While the National Highway Traffic Safety Administration (NHTSA) begins a two-year effort to develop driver drowsiness detection technology for commercial trucking,Motor Co. is in the midst of very similar research for automobile drivers.
Ford is using its own proprietary VIRtual Test Track Experiment (VIRTTEX) full-motion-based driving simulator to study the effects of drowsiness on 30 test driver subjects. Ford began the study last December and expects to wrap up data collection this month, said Jeff Greenberg, a staff technical specialist for Ford and manager of its VIRTTEX lab.
"These are often not minor accidents when they occur," said Greenberg. "When someone falls asleep at the wheel, the vehicle often leaves the lane and the roadway - followed by a major crash or rollover. Our goal is to better understand these incidents and investigate whether new technologies could be developed that might detect this situation and help prevent it from happening."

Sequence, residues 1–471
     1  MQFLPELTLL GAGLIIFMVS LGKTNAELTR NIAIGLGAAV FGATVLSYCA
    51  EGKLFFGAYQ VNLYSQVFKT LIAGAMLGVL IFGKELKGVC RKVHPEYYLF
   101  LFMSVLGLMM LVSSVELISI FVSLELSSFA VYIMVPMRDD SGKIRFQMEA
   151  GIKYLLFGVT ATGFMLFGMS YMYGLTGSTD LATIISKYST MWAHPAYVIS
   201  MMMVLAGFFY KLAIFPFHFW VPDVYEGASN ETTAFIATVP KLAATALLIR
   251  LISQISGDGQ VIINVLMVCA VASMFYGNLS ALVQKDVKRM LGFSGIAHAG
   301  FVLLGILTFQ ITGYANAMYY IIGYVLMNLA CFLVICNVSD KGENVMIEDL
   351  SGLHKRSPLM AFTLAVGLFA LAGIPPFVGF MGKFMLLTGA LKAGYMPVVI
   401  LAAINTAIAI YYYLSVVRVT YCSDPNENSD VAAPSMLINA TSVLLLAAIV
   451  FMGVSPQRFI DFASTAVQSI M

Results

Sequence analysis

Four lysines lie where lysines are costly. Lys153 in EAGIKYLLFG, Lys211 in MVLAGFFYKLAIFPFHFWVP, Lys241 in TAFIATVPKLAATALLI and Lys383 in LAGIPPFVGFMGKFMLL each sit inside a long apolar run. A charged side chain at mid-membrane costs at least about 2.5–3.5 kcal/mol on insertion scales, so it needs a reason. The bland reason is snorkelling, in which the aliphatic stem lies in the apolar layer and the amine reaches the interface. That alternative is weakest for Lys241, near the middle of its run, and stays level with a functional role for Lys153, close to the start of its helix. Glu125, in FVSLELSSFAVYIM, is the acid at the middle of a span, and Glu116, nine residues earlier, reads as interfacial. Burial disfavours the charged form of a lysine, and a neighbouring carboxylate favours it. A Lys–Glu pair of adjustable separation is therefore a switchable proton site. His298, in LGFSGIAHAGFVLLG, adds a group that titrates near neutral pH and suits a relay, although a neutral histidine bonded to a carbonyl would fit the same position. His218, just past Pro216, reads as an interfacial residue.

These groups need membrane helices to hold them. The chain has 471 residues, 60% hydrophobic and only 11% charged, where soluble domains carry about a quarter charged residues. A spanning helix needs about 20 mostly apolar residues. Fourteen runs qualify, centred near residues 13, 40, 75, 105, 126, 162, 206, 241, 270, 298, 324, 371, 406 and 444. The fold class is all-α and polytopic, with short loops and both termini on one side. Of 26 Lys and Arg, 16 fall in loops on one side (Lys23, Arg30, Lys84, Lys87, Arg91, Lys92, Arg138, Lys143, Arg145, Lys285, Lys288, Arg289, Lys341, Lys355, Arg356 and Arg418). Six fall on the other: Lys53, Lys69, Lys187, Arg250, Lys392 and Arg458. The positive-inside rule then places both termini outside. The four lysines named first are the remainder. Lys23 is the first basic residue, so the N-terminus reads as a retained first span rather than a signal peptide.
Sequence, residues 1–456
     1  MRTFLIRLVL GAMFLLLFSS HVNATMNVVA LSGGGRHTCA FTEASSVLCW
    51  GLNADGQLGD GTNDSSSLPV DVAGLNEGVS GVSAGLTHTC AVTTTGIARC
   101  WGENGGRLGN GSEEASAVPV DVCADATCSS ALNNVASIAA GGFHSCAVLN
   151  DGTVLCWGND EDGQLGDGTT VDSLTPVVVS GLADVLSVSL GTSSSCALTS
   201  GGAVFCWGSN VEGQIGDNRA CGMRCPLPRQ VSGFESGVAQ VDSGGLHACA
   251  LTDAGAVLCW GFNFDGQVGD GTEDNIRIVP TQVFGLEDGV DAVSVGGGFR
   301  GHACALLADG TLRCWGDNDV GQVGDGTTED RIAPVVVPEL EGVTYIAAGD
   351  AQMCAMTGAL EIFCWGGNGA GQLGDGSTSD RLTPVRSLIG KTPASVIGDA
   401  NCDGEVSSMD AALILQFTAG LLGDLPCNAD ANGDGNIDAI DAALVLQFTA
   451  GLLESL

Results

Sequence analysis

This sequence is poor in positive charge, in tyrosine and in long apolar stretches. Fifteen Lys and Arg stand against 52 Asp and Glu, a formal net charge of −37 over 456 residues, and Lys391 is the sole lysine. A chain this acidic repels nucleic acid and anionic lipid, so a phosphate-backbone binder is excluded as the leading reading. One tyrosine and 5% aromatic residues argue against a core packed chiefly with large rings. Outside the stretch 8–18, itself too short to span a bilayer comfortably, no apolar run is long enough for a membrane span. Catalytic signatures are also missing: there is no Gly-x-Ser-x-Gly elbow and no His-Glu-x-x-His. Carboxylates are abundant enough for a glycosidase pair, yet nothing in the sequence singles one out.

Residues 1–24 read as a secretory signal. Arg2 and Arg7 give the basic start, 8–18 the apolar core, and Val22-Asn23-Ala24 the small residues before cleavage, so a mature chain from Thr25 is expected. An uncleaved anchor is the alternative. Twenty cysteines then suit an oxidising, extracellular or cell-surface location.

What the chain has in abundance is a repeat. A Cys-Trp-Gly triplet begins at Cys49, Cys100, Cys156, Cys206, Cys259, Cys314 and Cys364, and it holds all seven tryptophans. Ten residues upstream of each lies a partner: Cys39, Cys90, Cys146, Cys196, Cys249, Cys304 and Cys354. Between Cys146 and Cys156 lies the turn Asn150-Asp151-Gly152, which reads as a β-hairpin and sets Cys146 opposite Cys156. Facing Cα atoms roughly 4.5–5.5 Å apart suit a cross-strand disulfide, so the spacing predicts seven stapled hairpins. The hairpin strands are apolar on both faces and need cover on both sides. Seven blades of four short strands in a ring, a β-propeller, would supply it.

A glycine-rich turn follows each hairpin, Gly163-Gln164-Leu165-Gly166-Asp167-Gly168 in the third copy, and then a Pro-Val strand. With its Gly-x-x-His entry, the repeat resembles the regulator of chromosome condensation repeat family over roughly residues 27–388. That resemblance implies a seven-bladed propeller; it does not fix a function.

According to NHTSA estimates, drowsiness accounts for about 4% of all fatal crashes or more than 1,500 deaths each year. It is estimated that approximately 100,000 police-reported crashes annually -- about 1.5% of all crashes -- involve drowsiness and fatigue as a principal causal factor, said Greenberg. Results from its drowsiness research should be available later this spring.
Ford and researchers at itssubsidiary are investigating ways to sense when a driver is falling asleep to help prevent unintended lane departure, he said. Several concepts are being reviewed to alert drivers, such as using simulated vibration, flashing red lights, and forcibly turning the wheel to keep the vehicle from swerving out of its lane.